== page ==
Tuesday, March 17, 2015

Giving up Pride (4th in a series)

We continue on our 40-day Lenten journey where, just like Jesus, we are confronting our greatest temptations and trying to identify things in our lives that we need to give up because they hinder us from fully following Jesus. So far we’ve learned three. We are called to give up anger and bitterness and grow in forgiveness; to give up judgment and grow in grace and acceptance; to give up apathy and grow in compassion.

Up to this point in the crucifixion story, Jesus has been composed and collected, all things considered. I mean, given what’s been done to him, he has remained poised, calm enough to dish out words of wisdom that were nothing less than divine. He was issuing forgiveness. He was promising new life. He was calmly making sure his loved ones will be taken care of.

And even in his trial, he was composed, speaking in short, one-liners that were full of wisdom and meaning. He never said a word of complaint about his ordeal. He was just so regal, so poised, so Godly, so like Jesus!

And then, "about three o’clock Jesus cried with a loud voice, “Eli, Eli, lema sabachthani?” that is, “My God, my God, why have you forsaken me?” (Matthew 27:46, NRSV)

Most of the crowd had already gone home. There was nothing left to watch. Death did not come quick to those being crucified. Sometimes they were left hanging for days until they die of asphyxiation. Other times their legs were broken so that they lose their leverage for breathing and die quicker. It was something the general public did not want to lay around and witness.

It was also midday and yet a stark and gloomy darkness covered the whole land. It was strangely dark. No sense lingering outdoors.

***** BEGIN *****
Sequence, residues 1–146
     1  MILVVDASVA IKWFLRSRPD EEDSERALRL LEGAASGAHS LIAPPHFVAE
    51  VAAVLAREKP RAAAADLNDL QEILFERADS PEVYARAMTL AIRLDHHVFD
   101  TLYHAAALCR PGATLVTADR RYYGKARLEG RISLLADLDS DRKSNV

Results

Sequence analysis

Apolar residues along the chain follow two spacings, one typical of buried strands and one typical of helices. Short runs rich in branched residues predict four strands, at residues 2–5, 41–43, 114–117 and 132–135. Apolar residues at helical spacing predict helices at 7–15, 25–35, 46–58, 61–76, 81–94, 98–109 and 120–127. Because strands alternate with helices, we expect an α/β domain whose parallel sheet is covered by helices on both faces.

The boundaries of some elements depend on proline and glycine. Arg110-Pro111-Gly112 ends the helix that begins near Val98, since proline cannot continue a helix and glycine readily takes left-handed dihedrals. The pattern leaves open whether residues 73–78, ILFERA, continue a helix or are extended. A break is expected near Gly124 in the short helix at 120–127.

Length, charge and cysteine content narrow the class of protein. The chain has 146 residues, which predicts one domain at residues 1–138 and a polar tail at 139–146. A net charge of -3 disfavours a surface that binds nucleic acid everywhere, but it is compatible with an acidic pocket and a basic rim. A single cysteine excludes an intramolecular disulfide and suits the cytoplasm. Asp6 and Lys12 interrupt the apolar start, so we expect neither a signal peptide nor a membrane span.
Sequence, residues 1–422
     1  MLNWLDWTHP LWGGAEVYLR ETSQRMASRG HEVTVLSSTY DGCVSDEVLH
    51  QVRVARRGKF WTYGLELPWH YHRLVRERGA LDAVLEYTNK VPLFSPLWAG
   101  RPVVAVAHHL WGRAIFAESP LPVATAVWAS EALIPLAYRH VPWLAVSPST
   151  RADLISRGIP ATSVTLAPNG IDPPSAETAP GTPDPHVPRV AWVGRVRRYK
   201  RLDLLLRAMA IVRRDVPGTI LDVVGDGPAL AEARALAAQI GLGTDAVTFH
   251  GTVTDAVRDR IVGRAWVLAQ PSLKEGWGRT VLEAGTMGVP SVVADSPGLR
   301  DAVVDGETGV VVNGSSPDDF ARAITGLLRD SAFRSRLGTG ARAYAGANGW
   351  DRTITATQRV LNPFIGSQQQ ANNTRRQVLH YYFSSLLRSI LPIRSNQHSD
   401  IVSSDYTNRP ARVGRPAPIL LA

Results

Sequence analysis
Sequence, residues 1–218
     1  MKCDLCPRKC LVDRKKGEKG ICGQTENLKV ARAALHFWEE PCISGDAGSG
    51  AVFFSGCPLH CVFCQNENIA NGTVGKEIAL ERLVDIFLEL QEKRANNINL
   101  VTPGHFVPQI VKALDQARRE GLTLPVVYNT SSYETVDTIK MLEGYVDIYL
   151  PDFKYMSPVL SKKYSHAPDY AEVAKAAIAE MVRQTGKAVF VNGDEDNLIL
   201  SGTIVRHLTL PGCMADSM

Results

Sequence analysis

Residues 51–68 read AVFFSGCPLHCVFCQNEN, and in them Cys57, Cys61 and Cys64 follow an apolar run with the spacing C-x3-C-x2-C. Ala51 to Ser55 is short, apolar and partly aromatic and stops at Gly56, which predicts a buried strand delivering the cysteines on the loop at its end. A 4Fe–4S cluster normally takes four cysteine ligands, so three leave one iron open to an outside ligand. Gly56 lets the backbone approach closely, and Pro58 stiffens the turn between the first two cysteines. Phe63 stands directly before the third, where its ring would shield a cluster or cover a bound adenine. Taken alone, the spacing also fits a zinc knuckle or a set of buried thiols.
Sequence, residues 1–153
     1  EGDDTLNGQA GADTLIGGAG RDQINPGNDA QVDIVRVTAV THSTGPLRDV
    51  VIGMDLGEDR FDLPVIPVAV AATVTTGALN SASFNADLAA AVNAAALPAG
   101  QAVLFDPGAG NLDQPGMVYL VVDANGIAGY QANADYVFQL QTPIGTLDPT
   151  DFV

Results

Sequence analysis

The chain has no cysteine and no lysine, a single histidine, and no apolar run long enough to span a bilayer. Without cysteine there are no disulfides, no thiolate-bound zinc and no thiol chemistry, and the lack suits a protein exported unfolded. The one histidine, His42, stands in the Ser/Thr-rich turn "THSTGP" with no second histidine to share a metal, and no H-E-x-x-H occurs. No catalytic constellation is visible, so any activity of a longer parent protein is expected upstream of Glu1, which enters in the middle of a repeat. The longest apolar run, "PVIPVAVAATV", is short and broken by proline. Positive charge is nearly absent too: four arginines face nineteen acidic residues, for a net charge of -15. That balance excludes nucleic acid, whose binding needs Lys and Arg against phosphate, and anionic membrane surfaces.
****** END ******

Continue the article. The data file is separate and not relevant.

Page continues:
Those who lingered were those who were in charge of the crucifixion, for it was their responsibility to see it through, and those who really wanted Jesus dead- hardliners who continued mocking him and savoring their victory over this troublemaker. Perhaps a few of those who followed Jesus stayed. But they stood at a safe distance, crying.

At that point, apart from the physical pain of dying, the cross was a lonely place to be. So Jesus cries out: “Eli, Eli lema sabachthani!” Sabaq is Aramaic for allow, or permit; T means you; and Ani means me.

My God, My God why have you allowed this to happen to me?! If you think Jesus did not feel a thing, think again. He felt the pain. He felt it all!

And then he cries out again. “I am thirsty!” (John 19:28, NRSV) 

He had lost so much body fluids through sweat and blood. The last drink he must have had was from the night before during the last supper. He had carried the cross a long ways. He had been hanging on it for six hours now. Of course he was thirsty. He was dehydrated.

Dehydration. First it gives you a fever and chills. Then it gives you a throbbing headache. Then cramps in your abdomen. Then nausea. Then your eyeballs dry up in the sockets. So does your lips. Your tongue and vocal chords swell up and your throat feels like sand paper. In the end you can barely whisper. It didn’t sound human; it sounded more like an animal croaking, "I am thirsty."

It showed the reality and intensity of his physical suffering. I thirst. I am extremely dehydrated. I am bleeding. I am suffering. I am dying.

Can you see what was happening here? Jesus was crying for help! Jesus acknowledged the pain. “Oh, God, help me. Somebody, anybody, help me!”

That just bursts our bubble, doesn’t it. Calm, dignified, godly Jesus suddenly breaks down and cries. He finally breaks. This isn’t the Jesus we want. This isn’t the Jesus we know. But it is the Jesus we get today. A Jesus who gives up pride and says, “I don’t think I can do it anymore. I need help. God, help me. Somebody, please, help me.”

This Lent, God is calling us to give up pride. To give up pride and ask for help. To give up pride, accept you are wrong and ask for forgiveness. To give up pride, accept failure and start anew. To give up pride for the sake of reconciliation or the greater good or for the sake of life.

I've been saying: Lent is serious soul work. Its not a mere sentimental journey revisiting Jesus’ suffering and death. It is preparing ourselves to truly live. In order for Easter to happen, in order for new life to happen, something has to die. We are to "die to ourselves so that Christ may live in us." We are to give things up so that we may learn how to truly live.

Perhaps pride is the only barrier between us and the life God intends for us to enjoy. And so more than just chocolate, may we give up pride, and grow in humility.

Your fellow disciple,

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